Published December 14th, 2016
Lafayette's Leland Reservoir Project is in the Pipeline
By Pippa Fisher
Photo Pippa Fisher
It is a long way off but the East Bay Municipal Utility District plans to reconstruct Lafayette's Leland Reservoir.
John Coleman, EBMUD director and Jeni McGregor, EBMUD senior engineer, updated the Lafayette City Council on the Leland Reservoir Project at the Nov. 28 council meeting.
Following an environmental impact report next year, the $30 million project will go to design from 2020-2022, with construction planned for 2022-2024.
Coleman made the initial observation that the Leland Reservoir is at its breaking point. Smaller capacity tanks are needed to replace the current 18-million-gallon, 60-year-old storage infrastructure at 1040 Leland Drive.
McGregor said that at present the 36-inch diameter critical transmission pipeline runs from the Lafayette Water Treatment Plant to the Leland Reservoir via Old Tunnel Road and then to the EBMUD property by way of a narrow 15-foot, unpaved and hard-to-maintain right of way. Since Old Tunnel Road is at a higher elevation than the reservoir the pipes are currently very deep and hard to access.
The project would start with construction of 2,700 feet of 36-inch main pipeline through Condit Road and Windsor Drive. Once that is in place the old main line between Old Tunnel Road and Leland Drive would be abandoned and the existing reservoir would be demolished to make way for two eight-million-gallon tanks in its place.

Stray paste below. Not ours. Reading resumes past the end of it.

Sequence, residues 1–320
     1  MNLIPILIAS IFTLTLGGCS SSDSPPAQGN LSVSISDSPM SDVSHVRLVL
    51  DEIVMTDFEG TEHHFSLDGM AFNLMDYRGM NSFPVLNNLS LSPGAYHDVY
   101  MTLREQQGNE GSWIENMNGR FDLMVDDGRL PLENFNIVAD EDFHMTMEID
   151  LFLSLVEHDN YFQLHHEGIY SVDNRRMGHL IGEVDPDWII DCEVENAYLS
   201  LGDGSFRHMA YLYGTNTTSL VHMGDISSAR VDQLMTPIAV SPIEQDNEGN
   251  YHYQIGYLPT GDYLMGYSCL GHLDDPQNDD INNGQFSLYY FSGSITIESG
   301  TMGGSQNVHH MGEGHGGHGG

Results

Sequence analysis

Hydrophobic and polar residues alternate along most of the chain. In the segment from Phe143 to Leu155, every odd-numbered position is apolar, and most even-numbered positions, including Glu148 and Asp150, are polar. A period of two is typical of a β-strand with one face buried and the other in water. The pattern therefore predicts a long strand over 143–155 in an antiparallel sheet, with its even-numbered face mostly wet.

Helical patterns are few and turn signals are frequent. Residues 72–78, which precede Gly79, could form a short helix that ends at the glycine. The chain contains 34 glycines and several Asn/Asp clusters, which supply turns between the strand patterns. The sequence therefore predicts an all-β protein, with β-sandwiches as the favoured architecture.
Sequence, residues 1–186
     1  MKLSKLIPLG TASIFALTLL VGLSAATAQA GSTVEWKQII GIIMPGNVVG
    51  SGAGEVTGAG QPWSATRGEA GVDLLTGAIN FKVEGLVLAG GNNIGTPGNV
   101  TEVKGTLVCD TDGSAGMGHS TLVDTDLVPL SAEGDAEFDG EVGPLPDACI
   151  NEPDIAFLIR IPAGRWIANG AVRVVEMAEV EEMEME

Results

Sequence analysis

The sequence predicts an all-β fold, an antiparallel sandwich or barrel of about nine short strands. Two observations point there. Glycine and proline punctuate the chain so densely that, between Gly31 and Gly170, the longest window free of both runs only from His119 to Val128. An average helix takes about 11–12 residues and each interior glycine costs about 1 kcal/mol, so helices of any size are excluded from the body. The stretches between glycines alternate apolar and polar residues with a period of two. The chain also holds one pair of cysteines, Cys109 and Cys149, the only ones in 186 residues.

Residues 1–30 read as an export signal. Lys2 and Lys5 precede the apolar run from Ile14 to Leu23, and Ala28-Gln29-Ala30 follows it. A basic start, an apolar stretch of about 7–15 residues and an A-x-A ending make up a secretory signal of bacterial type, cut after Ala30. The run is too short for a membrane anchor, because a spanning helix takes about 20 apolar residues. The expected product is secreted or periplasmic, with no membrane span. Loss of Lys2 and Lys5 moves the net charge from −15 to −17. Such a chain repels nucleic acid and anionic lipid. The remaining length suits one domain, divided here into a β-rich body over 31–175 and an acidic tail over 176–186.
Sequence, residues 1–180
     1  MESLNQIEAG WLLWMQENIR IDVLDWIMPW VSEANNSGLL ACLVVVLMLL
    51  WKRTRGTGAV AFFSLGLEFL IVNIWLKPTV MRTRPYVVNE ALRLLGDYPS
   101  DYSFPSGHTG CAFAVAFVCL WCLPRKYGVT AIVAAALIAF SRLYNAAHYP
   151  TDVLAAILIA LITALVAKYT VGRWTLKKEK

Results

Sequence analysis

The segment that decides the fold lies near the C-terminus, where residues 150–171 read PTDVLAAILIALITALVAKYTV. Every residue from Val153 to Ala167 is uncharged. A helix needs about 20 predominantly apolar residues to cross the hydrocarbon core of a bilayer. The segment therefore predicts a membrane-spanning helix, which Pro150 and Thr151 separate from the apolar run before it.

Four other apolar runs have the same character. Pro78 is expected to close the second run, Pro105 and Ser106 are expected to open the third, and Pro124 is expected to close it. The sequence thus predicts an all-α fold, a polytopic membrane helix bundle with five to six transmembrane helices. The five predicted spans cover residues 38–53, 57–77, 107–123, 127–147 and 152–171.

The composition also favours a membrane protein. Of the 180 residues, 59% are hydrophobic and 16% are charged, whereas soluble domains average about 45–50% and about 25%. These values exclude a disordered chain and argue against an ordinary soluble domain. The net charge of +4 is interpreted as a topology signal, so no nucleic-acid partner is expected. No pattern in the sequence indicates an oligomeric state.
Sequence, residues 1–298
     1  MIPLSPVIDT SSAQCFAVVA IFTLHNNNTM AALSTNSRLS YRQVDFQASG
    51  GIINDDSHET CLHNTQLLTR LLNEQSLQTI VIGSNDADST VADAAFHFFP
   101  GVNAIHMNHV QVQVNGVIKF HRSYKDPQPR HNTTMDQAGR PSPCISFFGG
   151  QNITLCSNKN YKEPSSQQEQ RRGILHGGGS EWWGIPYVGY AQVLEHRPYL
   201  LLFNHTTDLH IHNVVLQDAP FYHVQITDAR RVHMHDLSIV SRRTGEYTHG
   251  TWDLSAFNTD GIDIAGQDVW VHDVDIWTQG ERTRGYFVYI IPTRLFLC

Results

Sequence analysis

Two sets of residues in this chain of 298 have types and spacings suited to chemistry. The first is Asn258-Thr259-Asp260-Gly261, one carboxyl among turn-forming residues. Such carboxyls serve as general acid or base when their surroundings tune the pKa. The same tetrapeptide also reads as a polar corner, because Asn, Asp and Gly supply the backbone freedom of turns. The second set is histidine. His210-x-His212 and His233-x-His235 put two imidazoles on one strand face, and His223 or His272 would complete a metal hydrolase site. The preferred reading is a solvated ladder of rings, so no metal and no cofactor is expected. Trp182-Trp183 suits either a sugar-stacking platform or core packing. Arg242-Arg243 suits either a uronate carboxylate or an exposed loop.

McGregor pointed out that the roof is unsafe and the structure does not meet seismic requirements. Aging pipes need to be replaced and laid in a more accessible location.
She went on to describe the planned planting of native, drought-resistant grasses, wildflowers and trees. She said that as a result of three separate meetings, one with city staff in June and two others with residents and neighbors in August and September, concerns about tree removal and replacements were being addressed. Changes to the project's plans for staging and storage for materials and vehicles resulted in another 30 trees saved and more replanted. Further saving of trees will be address in the E.I.R.
Other concerns that came out of those meetings included impacts on traffic, parking, pedestrian safety, truck routes and sewer laterals.
Vice Mayor Mike Anderson asked how long the disruption would continue on local streets and McGregor estimated about six months. However, both McGregor and Coleman recognized the impact to the public.
Council member Don Tatzin encouraged saving even more trees and stressed the need to make the public aware of the potential disruptions of this project ahead of the start.
"Communication is critical," said Mayor Mark Mitchell.

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